The last day of the

International Folk Art Market

was colorful and, well, overcast. They called it Family Day with good reason, as the young and not-so-young flocked together to

Museum Hill

to catch the tail end of the party, neither too warm nor too crowded, as the previous day was said to have been. The event represented something more than just another elaborate art show in a city full of artsy people, if one could get past the exhibitionist consumerism that permeated much of the market’s public face.---

One booth was occupied by a group of mostly illiterate


women, who put the proceeds from their handmade quilts toward education funds for their children. Another booth held displaced


women from the village of

Umoja, Kenya

, whose jewelry-making supports their livelihood. Yet another contained colorful and elaborate beadwork from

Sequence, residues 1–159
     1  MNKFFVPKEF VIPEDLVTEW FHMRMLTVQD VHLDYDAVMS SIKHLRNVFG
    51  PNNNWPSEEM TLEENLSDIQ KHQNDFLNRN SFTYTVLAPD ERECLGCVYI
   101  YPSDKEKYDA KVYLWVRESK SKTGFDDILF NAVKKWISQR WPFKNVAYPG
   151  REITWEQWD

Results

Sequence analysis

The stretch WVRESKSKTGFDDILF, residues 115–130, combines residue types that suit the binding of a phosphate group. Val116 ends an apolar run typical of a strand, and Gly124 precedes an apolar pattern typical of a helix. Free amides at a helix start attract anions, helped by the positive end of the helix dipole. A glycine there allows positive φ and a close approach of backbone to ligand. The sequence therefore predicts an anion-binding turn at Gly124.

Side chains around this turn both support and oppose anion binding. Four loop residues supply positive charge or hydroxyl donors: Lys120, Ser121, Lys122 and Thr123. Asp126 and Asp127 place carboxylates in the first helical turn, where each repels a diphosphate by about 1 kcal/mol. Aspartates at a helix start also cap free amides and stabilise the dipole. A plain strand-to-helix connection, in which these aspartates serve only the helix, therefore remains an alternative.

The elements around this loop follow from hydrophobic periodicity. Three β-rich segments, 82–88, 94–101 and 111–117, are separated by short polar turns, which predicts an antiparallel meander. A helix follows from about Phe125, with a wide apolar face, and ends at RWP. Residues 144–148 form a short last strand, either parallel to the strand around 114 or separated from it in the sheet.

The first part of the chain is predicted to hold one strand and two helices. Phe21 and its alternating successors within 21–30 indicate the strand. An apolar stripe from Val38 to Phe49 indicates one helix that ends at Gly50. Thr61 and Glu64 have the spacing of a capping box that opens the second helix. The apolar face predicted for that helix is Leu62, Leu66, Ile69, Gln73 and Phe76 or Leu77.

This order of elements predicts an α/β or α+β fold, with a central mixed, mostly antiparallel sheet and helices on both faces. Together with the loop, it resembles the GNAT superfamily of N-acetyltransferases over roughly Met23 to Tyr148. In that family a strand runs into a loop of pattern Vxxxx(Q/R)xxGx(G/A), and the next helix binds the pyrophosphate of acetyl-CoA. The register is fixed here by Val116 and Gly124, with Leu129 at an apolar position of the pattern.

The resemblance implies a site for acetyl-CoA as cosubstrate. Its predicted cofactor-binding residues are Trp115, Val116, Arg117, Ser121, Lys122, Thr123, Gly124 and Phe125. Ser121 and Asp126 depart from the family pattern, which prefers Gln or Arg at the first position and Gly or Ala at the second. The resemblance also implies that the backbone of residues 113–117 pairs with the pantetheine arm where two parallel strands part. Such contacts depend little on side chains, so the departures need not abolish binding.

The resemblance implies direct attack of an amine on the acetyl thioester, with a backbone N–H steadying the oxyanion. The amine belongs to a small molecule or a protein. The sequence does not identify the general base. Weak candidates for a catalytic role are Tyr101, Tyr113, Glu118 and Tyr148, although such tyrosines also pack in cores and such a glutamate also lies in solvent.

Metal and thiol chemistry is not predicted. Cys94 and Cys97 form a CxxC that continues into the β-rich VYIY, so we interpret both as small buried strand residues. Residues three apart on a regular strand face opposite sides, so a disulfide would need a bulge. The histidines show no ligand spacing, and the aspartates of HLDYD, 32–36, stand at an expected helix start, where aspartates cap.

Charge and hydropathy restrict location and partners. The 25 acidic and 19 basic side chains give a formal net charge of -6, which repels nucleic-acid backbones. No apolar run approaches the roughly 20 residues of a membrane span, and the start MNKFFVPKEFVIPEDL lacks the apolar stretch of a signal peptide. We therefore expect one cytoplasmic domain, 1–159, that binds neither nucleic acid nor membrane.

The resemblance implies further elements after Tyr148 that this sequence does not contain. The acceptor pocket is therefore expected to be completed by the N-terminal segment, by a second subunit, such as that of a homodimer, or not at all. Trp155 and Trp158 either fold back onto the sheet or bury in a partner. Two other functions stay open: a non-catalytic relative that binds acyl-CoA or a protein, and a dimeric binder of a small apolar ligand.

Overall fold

Indians, Mexicans, South Africans, Afghanis

and more—approximately

175 artists


over 50 countries

were represented at


, artists whose work had been juried by an international panel of collectors and curators and chosen for inclusion at the market.


—struggling to regain some semblance of normality after the cataclysmic earthquake that rocked their country on January 12, 2010—turned out in force with papier mâché, sculptures made of recycled steel drums and mask making, with proceeds going to support their families and the struggling markets in